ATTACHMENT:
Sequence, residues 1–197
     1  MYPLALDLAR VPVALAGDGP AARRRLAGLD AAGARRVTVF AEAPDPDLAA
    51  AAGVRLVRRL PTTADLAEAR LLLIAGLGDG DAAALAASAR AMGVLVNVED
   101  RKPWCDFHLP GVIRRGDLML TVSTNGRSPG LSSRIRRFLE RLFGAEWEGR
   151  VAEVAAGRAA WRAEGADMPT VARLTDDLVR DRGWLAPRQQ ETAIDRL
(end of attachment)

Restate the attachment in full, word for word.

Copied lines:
Sequence, residues 1–197
     1  MYPLALDLAR VPVALAGDGP AARRRLAGLD AAGARRVTVF AEAPDPDLAA
    51  AAGVRLVRRL PTTADLAEAR LLLIAGLGDG DAAALAASAR AMGVLVNVED
   101  RKPWCDFHLP GVIRRGDLML TVSTNGRSPG LSSRIRRFLE RLFGAEWEGR
   151  VAEVAAGRAA WRAEGADMPT VARLTDDLVR DRGWLAPRQQ ETAIDRL